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‘She should not have been treated as a bad person’: Father of deceased Deschutes County Jail inmate files federal lawsuit

(Update: Adding video and comment from father, Sheriff's Office)

Alleges negligence, wrongful death, seeks new jail policies

BEND, Ore. (KTVZ) -- The father of a 22-year-old Deschutes County Jail inmate who died of suicide while in withdrawal from fentanyl a year ago has filed a negligence and wrongful death lawsuit against the sheriff's office, Sheriff Shane Nelson and other jail officials, alleging they failed to take proper steps to prevent her death.

The 22-page lawsuit, filed Feb. 9, accuses the sheriff's office of "negligence, gross negligence, and deliberate indifference to Kendra's serious medical condition and conditions of confinement" by jail staff.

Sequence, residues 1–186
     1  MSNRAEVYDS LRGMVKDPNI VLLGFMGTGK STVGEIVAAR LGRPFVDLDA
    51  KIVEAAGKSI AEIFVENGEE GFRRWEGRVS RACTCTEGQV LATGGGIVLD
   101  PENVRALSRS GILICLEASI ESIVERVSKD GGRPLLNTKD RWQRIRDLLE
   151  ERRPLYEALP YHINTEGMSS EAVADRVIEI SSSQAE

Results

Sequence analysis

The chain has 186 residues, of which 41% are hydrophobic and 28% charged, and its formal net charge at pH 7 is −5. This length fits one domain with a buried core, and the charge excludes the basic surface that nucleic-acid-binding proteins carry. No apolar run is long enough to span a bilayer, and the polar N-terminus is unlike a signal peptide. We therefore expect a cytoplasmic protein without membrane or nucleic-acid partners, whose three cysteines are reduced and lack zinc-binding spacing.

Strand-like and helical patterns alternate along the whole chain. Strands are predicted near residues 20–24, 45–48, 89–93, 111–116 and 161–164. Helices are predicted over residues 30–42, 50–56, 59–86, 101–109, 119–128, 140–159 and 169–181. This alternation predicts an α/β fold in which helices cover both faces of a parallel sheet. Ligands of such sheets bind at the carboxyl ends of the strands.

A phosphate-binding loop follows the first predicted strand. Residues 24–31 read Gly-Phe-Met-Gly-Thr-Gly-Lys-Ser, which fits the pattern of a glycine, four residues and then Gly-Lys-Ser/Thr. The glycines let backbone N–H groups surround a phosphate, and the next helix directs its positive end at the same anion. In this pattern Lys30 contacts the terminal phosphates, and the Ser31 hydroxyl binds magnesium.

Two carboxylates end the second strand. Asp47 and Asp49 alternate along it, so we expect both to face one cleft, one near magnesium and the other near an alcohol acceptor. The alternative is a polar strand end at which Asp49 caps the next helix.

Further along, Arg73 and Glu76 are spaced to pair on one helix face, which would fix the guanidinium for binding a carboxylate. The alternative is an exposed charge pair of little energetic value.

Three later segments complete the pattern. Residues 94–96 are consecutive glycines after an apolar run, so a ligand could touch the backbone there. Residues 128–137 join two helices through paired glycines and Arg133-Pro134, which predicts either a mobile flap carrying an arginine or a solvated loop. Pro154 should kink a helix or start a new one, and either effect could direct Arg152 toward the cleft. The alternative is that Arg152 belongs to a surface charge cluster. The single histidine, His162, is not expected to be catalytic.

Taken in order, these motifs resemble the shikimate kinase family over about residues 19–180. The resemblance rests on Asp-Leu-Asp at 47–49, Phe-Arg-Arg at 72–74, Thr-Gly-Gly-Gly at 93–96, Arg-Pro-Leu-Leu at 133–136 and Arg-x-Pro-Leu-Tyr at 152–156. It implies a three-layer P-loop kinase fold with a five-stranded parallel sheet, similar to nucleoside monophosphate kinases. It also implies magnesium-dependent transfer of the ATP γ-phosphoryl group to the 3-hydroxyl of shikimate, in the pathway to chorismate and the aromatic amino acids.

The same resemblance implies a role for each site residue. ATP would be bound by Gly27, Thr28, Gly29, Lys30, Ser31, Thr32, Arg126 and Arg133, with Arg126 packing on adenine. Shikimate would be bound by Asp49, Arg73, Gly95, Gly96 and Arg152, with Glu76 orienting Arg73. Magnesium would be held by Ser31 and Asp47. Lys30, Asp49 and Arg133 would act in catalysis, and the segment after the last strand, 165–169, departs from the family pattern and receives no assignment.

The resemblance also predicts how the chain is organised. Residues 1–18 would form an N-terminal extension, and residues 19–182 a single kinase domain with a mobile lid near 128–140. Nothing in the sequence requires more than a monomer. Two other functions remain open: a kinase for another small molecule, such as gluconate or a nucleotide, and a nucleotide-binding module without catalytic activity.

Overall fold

According to the lawsuit. "These Defendants knew that KENDRA was (1) in the need of medical care; (2) suicidal; (3) in the midst of a mental health crisis; and/or (3) was housed in unconstitutional conditions of confinement. In spite of this knowledge, these Defendants took no steps to prevent serious injury and/or death to KENDRA. These Defendants were negligent; deliberately indifferent; and/or acted in furtherance of an official and/or de facto policy or procedure of deliberate indifference."

Kent Sawyer and his daughter, Kendra, had been living in Puerto Rico when the COVID-19 pandemic hit, so they moved to Boise, were Kendra worked as a baker at their local Albertsons. After some time, Kendra wanted to move back to her home of 10 years, Bend, while Kent went to live in New Mexico with his son, who was stationed their in the Air Force.

"Kendra and I and her brother Troy, we lived there for a decade in Bend, Oregon. It's an absolutely beautiful place," said Kent. "I have been in contact with a few of the deputies, and I do respect the sheriff's office there."